2) Our sites should include original and useful information. Difficult for a computer to check, but computers are very good at comparing things and checking correct grammar and spelling.
Second rule: We will never use duplicate content, and we will always spell and grammar check our pages.

3) A good site will generate inbound links because people will think that site is worth referencing from their own pages, from within their site and not just on a "links" page. Useful links add so much value to any web page, and linking between HTML is the real power of the internet.
Rule 3: We will link to other, useful pages from each page on our own website, not to gain popularity through reciprocal links, but as a resource for our visitors. These links will be on each page and not in a directory.

4) On good websites, the internal navigation is intuitive. The movement from one page to another is aided by relevant internal links, and not just plain menus or borders.
Rule 4: We will place context sensitive internal links on our pages to help our visitors find the information they need.

5) When I want to find info about something, I don't want to feel like I'm being channelled towards affiliate links and that the only reason for that website is to get me to leave and go to Amazon, etc, because they want to make a few bucks out of me.
Rule 5: We will use affiliate tracking links very carefully and make it clear to our visitors that they are going to be taken to a retail site to maybe buy that product. We will not load our pages with affiliate links.


6) For me to really like a website, it has to have excellent content and for there to be lots of it.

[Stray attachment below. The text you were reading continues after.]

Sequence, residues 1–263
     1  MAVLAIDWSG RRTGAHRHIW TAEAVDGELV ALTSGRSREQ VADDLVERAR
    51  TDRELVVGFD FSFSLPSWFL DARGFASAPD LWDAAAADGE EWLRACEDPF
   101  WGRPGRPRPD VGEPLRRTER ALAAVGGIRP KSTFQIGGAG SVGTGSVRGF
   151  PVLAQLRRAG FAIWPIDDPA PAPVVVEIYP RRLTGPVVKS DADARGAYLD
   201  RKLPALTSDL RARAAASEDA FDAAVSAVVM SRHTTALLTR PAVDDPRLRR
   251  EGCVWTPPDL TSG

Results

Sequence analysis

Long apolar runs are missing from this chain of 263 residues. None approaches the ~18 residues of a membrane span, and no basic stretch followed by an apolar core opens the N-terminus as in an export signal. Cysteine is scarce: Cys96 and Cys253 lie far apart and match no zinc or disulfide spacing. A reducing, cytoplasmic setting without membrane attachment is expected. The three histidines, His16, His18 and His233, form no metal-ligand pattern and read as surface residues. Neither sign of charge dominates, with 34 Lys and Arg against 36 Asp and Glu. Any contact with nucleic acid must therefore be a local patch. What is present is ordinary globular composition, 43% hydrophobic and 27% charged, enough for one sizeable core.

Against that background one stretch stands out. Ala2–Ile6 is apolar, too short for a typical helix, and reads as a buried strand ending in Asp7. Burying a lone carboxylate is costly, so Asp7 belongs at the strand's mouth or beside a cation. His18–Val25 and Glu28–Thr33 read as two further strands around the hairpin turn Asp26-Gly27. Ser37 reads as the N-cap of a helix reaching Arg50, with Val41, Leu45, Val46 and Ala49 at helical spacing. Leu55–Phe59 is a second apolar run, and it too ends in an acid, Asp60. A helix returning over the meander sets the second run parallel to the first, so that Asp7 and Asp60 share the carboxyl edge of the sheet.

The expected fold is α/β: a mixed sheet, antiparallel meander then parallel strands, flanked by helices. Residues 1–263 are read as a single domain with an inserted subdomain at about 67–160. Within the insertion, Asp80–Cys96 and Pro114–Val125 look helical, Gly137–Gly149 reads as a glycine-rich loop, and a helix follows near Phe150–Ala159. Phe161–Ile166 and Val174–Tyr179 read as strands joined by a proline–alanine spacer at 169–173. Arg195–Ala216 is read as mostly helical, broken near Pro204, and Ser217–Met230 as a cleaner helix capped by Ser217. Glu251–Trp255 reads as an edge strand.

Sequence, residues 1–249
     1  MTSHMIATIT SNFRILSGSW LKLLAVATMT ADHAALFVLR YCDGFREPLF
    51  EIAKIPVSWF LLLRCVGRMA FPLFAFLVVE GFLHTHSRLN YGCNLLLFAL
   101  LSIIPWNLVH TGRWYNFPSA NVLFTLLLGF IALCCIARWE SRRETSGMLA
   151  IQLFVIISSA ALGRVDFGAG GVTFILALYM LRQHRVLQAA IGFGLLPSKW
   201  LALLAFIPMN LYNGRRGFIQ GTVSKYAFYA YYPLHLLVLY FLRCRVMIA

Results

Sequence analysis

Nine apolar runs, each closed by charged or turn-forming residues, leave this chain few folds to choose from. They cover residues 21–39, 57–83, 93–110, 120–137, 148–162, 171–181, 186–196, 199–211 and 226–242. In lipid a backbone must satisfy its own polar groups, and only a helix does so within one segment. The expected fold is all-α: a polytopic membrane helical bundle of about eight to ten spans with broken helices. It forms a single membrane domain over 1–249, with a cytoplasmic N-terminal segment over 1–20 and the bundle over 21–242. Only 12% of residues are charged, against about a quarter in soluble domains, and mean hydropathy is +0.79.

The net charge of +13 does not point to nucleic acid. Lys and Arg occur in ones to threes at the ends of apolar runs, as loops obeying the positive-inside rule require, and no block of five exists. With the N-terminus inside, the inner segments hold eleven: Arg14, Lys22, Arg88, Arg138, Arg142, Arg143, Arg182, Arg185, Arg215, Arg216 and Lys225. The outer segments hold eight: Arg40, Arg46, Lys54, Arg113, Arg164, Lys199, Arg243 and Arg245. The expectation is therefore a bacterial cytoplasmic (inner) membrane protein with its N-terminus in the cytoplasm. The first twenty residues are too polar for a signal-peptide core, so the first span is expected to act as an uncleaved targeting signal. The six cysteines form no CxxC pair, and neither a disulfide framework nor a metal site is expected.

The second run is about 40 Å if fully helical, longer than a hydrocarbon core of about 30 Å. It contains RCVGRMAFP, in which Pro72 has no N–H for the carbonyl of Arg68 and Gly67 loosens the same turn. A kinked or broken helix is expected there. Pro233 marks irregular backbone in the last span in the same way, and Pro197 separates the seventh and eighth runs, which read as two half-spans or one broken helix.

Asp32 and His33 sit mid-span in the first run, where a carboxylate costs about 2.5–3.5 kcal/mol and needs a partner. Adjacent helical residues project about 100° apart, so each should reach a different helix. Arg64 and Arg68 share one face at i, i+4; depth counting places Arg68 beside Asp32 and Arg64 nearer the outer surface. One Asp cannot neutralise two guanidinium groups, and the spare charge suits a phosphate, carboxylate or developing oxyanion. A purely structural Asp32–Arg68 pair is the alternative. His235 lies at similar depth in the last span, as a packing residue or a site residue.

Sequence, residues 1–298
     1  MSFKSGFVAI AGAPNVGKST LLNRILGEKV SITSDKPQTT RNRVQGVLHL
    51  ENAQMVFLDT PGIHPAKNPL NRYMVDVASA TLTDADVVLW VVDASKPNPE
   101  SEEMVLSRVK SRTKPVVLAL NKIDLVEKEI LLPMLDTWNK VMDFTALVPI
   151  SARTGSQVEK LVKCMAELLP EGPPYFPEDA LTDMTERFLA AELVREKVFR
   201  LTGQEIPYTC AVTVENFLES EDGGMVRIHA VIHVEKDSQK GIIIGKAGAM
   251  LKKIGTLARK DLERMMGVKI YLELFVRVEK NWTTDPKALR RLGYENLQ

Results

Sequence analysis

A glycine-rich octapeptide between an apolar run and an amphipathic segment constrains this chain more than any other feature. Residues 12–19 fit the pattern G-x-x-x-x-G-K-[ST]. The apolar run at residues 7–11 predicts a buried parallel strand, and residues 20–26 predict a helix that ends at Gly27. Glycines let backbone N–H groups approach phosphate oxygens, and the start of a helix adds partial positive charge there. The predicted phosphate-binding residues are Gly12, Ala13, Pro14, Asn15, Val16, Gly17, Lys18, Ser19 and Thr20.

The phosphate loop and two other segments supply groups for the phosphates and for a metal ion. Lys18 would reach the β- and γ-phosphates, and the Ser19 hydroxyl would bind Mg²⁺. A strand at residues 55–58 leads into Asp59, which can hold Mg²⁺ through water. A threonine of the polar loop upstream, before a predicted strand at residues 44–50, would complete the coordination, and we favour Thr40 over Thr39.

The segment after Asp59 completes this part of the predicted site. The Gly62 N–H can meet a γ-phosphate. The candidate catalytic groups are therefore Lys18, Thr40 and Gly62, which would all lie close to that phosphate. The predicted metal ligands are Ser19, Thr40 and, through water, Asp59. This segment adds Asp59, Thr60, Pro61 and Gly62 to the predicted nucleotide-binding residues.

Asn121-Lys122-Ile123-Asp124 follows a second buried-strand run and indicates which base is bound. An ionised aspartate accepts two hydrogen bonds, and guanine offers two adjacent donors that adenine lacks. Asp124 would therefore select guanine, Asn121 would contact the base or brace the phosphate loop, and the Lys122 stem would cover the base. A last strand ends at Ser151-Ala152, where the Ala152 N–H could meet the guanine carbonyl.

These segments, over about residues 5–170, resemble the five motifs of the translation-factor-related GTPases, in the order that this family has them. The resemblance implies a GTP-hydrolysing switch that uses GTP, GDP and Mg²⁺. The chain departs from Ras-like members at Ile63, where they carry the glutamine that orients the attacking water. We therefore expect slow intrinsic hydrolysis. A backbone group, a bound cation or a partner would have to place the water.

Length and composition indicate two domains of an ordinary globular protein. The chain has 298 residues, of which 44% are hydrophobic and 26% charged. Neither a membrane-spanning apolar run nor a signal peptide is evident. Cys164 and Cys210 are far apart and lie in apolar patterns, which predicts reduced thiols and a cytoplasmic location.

Rule Six: Content is king. We will write pages overflowing with excellent material which we will keep updating and improving. We will separate this content into smaller, more focussed pages. (This makes adsense perform better too.).

7) We will listen to and act upon the instructions that Search Engines give us.
Rule Seven; We will know the terms of service for Google, Yahoo, MSN, we will use their "site submit" pages, robot.txt instructions and site-map facilities to tell these search-engines about our sites, and we will update them regularly.

8) I still think that a carefully researched reciprocal linking programme could work well, with some provisos.
Rule Eight: We will only link to relevant sites. We will split our link directories into smaller categories. We will use original anchors to link to other sites, and encourage others to use original text in the way they link back to us.

The next few SEO tips are basics, but they may be of use to you.

Rule Nine: I will use meta-tags to describe my website (even though they may not matter); I will only have tags that reflect what is on the page.

Rule Ten: I will make a list of five search phrases that I would use to find the info on my page and include those phrases in my text. e.g. "How do I make blue widgets" and "FAQ on blue widgets" etc.

Rule Eleven: I will make my pages small, no more than 2 times the height of the screen. (This works especially well to create focussed adsense ads.)

There it is, my version of SEO. Let's see how popular our sites get by following those simple rules. #1 here we come!!!!  

w3c compliant page